- His & Hers: Life in the Miller madhouse (12/06/09)
- His & Hers: Sometimes life is a bear hunt (10/11/09)
- Pondering the ticktock of time (08/16/09)
- A tale of fatherhood (06/21/09)
- Rights and religious freedoms (05/24/09)
- His & Hers: Parenthood is worth the pain (04/12/09)
- City mouse and country mouse make a home (04/05/09)
His & Hers: Searchin' for my lost package of socks
Husband-and-wife journalists Bob Miller and Callie Clark Miller use this space to offer their views on everyday issues.
Callie and I took our first flight together last week. We, along with colleague Matt Sanders, went to Pennsylvania to observe another newsroom.
The trip revealed many things about our business and many things about our relationship.
Stroudsburg, Pa., is a beautiful town. The business district has a great streetscape with brick sidewalks, old-fashioned street lamps, little niche shops and pubs, an active place where we could have spent time browsing and walking.
But, alas, we ended up at Kmart looking for socks. Callie packed for me. When she found out she forgot to pack her own socks, she conveniently stole mine. Of course this reminded me of the time on a trip when I borrowed a pair of Callie's silk pajama pants. This time, I told my cute and talented wife there was no way I was wearing dirty socks, and we found a nice pair of gray socks that are supposed to help eliminate foot odor. What a trip.
Another thing I learned about our relationship is how fearful Callie is of hotel front desks. Twice we needed directions to go somewhere. Another time Callie needed bandages for her blisters, and another time Callie needed something to cut the tags off her new shoes from Kmart. Guess who ended up hauling his sockless butt to the lobby? Yes, that would be me. When I protested about taking her shoes up to the desk, she claimed I was giving her a "hard time." So I ended up using my teeth. I really didn't want to have to walk down to the lobby to get the tag on her shoes undone.
The last thing (or at least the last thing I can recall at the moment) that we learned about our relationship is how much we missed our baby boy. This was the first time away from Dawson, our 7-month-old. Don't get me wrong. We enjoyed our sleep. But we missed him from the first night. By the time we got on the plane back toward Cape Girardeau, we were anxious to be reunited with our son. We, of course, missed my 10-year-old son, too. But I have become accustomed to not seeing him for several days at a time. His mother and I divorced when he was only 3. I thought leaving behind the fussiness and dirty diapers would be a vacation. But my heart just doesn't feel right without him. Knowing how this feels, if only for a few days, makes me understand and appreciate more the sacrifices our military men are making these days. God bless every one of you who have had to leave little ones behind. I hope you come home safe and soon. And I hope no one is stealing your socks on your travels.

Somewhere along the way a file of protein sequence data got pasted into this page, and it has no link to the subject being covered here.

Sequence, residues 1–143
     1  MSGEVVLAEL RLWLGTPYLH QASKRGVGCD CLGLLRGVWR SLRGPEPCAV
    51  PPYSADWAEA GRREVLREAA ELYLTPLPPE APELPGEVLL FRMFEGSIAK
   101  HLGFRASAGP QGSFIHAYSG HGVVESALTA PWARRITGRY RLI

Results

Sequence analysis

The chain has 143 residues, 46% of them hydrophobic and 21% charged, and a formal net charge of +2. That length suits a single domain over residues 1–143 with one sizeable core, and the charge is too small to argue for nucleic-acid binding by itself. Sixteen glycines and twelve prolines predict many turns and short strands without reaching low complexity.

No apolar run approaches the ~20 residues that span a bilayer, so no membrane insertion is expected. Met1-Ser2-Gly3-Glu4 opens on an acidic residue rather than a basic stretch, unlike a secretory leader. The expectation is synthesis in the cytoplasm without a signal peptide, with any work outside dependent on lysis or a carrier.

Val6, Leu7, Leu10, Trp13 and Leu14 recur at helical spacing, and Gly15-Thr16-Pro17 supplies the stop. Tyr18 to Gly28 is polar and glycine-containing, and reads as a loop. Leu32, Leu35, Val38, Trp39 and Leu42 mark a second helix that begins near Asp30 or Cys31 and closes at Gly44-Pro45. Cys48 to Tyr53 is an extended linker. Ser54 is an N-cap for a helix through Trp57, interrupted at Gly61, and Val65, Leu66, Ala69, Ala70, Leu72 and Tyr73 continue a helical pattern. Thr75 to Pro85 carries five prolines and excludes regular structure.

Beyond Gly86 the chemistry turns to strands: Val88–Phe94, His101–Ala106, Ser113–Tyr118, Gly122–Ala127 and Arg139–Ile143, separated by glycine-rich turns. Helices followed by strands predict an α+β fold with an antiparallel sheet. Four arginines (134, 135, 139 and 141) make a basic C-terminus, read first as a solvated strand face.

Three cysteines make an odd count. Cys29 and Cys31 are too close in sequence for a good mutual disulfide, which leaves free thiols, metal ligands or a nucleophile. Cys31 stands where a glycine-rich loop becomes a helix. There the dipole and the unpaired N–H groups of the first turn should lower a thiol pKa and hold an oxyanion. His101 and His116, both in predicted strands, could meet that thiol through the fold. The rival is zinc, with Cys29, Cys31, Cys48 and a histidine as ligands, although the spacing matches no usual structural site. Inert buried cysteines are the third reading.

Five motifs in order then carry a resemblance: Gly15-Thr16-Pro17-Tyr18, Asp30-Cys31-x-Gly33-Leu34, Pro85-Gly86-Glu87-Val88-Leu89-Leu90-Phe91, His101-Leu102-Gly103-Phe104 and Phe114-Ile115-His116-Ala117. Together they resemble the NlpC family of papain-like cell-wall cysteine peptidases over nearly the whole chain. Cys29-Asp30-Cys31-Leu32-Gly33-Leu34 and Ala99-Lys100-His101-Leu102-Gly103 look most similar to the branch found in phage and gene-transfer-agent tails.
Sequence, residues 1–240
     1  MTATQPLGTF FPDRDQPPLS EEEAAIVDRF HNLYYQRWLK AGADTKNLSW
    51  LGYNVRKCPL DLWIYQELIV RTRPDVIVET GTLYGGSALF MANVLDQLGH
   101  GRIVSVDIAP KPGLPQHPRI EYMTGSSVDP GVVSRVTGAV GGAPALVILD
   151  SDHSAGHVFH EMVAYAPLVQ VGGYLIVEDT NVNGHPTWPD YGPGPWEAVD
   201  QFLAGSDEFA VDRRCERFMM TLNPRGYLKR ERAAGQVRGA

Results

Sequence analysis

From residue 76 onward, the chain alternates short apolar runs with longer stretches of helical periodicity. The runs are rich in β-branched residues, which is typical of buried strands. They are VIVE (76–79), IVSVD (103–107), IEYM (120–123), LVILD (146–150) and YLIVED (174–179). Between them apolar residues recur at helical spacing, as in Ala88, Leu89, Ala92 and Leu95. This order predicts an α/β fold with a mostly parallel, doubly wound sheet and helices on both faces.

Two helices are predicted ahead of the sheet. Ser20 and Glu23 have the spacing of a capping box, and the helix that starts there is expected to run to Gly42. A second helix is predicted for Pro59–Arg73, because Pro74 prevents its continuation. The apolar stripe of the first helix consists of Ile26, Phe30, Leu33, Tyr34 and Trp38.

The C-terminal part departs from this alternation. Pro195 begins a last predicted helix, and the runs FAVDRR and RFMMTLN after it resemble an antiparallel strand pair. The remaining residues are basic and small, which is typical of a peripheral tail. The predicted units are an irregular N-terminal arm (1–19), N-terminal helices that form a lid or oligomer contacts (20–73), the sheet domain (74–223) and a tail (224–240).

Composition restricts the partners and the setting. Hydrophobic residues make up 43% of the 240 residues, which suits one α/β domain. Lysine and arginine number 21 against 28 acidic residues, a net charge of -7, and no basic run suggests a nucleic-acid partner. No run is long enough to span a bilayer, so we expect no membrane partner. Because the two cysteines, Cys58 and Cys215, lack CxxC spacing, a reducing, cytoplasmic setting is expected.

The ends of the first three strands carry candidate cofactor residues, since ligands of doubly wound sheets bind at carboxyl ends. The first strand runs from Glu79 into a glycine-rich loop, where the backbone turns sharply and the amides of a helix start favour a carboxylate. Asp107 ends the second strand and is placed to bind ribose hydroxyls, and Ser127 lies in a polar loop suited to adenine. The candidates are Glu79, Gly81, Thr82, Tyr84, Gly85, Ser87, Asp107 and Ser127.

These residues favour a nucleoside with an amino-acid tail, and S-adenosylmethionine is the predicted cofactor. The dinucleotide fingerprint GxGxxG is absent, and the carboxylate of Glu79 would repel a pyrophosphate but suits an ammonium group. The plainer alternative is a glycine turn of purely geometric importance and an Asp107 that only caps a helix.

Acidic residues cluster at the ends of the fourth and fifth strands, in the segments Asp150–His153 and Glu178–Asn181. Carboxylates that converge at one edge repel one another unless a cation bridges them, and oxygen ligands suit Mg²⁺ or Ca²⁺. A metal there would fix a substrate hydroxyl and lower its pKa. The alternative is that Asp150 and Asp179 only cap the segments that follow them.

We should debate the word "steal," I think. After all, is it stealing if the item in question has been complained about relentlessly? I can't count the number of times Bob has complained about the socks I buy him. That's because those complaints are all tied up with the complaints he makes about not having enough socks.
So for Father's Day, I went on a mission. I stocked up on socks. Lots of them. In a variety of sensible colors. All of which, Bob announced upon opening them, were the wrong kind. These make my feet smell, he said. Yeah. Right. It's the socks.
So when I tossed one of those pair in the suitcase for this trip, I figured they were fair game. He doesn't like that kind anyway, and my feet do not stink, so why shouldn't I wear them?
Next Father's Day, I'm getting him some sort of shoe potpourri.
Callie Clark Miller is the special publications managing editor for the Southeast Missourian and very succinct this week. Bob Miller is Southeast Missourian managing editor who might have socks if he packed for himself. Reach them at firstname.lastname@example.org and email@example.com.